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Friday, September 7, 2012

Crystal Springs Speeds Up The Game

I confess: I am a speed demon. I abhor slow play. A four-hour round of golf is a snail's pace and four-and-a-half puts me into a serious funk. My idea of a great round is about three hours and I've done it walking--in a foursome--plenty of times.

That's why I'm pumped about the Fast Track initiative at Crystal Springs in Sussex County, NJ. The forward-thinking seven-course resort makes it happen in a player-friendly way without losing any of the pleasure of the game.  “We’ve explored a lot of different methods and programs to make golf more appealing and more fun, inclusive, and more enjoyable,” says Director of Golf Art Walton. “It excites those who really like to get around the course. That gives them time to play another round, get home, or enjoy the many other amenities at the resort.”  They started the initiative at Wild Turkey and then added it to Black Bear last year. According to Walton, it's going well.

Crystal Springs Resort
Crystal Springs Resort - photo courtesy of the resort
Tee times from opening to 8 AM at the two courses are reserved for Fast Track players, who pledge to finish in four hours or less. To speed up play, “ready golf” is expected rather than following the strict honors order of play and hunts for lost balls are limited to one minute rather than five. The starters also encourage groups to play from the correct tees and players are asked to pick up his or her ball if seven strokes have been played on any given hole. If a group is slow, the course assistants often declare out of bounds to be played as lateral hazards to eliminate re-teeing.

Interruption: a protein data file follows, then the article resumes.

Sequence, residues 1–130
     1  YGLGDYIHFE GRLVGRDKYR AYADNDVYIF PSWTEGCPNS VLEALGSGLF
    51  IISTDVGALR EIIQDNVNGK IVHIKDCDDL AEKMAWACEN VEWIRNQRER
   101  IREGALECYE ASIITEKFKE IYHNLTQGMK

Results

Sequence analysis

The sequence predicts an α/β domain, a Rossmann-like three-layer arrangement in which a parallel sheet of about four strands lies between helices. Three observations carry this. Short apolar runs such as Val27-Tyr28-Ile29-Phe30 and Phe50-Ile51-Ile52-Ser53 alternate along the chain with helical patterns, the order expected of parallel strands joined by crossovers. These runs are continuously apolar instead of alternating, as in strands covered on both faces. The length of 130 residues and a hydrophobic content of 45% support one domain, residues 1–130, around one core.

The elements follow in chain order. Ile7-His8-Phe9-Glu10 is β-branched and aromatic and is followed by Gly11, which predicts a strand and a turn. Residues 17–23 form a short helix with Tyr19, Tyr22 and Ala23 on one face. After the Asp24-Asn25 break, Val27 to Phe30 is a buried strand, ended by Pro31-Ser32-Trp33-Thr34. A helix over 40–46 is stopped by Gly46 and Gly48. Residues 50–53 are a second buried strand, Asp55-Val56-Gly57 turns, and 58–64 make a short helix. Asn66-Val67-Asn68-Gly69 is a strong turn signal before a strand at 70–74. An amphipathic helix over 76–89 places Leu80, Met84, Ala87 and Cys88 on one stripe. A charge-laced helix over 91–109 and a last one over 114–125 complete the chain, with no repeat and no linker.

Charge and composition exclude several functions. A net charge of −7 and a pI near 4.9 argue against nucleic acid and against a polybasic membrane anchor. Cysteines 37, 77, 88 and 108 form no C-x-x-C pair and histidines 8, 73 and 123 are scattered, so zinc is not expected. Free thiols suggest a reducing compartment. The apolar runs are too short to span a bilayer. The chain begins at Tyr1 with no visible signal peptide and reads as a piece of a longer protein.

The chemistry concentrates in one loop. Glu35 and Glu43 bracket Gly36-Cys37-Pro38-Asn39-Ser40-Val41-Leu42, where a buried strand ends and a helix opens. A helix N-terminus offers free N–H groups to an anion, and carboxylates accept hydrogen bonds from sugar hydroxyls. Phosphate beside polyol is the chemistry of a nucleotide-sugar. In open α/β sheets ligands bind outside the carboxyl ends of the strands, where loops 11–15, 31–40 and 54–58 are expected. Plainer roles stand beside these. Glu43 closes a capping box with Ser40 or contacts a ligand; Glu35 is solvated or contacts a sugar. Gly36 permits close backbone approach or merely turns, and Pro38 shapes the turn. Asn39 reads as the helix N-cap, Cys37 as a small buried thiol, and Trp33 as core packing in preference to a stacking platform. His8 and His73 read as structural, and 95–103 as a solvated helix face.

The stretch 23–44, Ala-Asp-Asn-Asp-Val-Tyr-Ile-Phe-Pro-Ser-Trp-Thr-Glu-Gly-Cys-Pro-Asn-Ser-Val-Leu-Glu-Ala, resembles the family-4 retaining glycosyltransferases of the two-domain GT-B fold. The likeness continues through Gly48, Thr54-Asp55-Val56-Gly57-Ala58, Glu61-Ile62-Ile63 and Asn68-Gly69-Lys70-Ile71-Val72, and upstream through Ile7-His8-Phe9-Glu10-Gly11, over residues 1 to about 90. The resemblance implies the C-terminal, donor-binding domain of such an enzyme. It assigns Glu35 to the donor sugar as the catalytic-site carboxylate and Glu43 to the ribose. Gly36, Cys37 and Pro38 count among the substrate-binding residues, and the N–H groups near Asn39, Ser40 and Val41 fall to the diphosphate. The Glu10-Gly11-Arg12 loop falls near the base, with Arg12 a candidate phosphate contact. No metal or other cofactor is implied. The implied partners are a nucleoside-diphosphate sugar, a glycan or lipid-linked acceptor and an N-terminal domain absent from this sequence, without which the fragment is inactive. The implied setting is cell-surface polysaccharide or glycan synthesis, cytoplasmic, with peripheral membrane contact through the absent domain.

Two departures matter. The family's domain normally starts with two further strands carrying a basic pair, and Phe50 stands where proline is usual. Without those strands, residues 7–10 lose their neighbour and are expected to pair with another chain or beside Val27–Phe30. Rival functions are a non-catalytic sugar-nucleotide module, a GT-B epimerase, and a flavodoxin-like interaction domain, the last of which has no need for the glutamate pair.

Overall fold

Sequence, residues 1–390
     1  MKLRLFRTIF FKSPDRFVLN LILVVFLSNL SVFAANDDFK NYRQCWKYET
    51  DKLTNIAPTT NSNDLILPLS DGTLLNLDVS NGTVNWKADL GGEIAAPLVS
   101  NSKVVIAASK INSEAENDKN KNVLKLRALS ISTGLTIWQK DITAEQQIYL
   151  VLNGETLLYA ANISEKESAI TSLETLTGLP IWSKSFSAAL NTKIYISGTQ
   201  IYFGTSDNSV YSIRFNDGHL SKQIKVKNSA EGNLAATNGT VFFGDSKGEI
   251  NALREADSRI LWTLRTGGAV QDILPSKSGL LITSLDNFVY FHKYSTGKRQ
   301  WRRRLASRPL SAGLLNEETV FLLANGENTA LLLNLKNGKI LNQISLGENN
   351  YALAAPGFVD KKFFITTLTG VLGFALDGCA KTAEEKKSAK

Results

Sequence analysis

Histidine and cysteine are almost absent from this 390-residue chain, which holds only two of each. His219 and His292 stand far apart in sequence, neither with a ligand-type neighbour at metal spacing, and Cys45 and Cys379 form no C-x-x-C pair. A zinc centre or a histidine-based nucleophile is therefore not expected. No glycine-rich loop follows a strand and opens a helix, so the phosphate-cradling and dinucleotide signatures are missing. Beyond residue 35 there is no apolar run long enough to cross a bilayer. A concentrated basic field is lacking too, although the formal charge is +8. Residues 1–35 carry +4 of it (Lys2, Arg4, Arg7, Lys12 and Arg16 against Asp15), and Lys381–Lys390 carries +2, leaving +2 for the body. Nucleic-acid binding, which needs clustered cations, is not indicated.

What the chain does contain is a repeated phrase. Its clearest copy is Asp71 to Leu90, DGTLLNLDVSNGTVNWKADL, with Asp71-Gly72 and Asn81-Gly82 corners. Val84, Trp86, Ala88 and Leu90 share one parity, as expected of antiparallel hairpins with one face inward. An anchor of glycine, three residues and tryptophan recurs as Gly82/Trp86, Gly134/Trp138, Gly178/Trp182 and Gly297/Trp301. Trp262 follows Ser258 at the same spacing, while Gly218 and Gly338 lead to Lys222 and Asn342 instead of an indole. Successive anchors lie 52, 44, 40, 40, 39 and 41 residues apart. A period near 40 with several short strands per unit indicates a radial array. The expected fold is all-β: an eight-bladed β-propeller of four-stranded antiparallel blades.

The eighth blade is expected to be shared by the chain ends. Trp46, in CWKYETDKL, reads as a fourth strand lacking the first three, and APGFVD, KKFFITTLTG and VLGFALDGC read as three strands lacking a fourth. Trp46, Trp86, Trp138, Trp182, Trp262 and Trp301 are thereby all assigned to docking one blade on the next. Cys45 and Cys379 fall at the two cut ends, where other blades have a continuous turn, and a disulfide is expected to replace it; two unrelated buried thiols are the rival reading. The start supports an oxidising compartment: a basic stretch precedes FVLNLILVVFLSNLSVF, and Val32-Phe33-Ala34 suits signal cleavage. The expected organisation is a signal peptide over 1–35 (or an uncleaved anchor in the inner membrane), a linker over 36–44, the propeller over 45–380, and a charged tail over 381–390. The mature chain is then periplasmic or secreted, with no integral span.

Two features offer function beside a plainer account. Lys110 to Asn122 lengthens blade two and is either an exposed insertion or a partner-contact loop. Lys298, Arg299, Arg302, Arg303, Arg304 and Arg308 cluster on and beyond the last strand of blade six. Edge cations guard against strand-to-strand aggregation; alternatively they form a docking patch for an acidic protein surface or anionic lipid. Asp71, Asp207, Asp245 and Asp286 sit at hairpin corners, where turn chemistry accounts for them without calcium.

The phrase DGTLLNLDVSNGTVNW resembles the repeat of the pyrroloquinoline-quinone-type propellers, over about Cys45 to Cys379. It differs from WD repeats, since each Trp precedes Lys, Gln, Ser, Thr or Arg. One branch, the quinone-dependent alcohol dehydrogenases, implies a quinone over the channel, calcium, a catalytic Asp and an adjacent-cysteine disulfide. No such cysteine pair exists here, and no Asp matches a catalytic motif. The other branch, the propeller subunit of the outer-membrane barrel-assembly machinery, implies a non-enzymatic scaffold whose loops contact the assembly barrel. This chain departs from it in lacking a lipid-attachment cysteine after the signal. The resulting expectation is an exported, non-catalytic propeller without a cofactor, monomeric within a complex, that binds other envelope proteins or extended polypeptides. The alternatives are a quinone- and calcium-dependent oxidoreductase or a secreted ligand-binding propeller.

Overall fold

Player assistance on the golf course is key to the system. The rangers police the pace of play with tracking sheets for each group. “When someone is five minutes off, they’ll communicate with them,” Walton explains. "They get a warning to keep up with the group in front of them. If they can’t, we relocate them to their appropriate position on the course. That’s the only way to do it.” He adds that playing through isn’t a time-saving option since it involves waiting six or seven minutes.

“It was not an easy initiative," Walton says. "The communications chain that has to be executed has many steps along the way. Our central reservations department needs to know what the program is and be able to describe it to those booked into that time zone. They must be able to finish in four hours or less. That has to be fortified along the way. When the player checks into the pro shop, the person greeting them has to re-iterate that and make sure they understand. The same with the starter. What you don’t want is a group that says ‘I wasn’t told.’ The burden also extends to the golfer booking the reservation, who has to make sure everyone in their group understands the expectations.”

I applaud Crystal Springs for making a concerted effort to move the game along. Slow play equals bad golf. But the opposite is also true: fast play equals good golf, just like you'll find at Crystal Springs.

Among many other books, Dave Donelson is the author of Weird Golf: 18 tales of fantastic, horrific, scientifically impossible, and morally reprehensible golf

1 comment:

Unknown said...

This sounds like a great program! My wife and I often try to grab early tee times with the hope of playing quickly. There's no good reason for rounds taking more than 4 hours. I hope it works for them.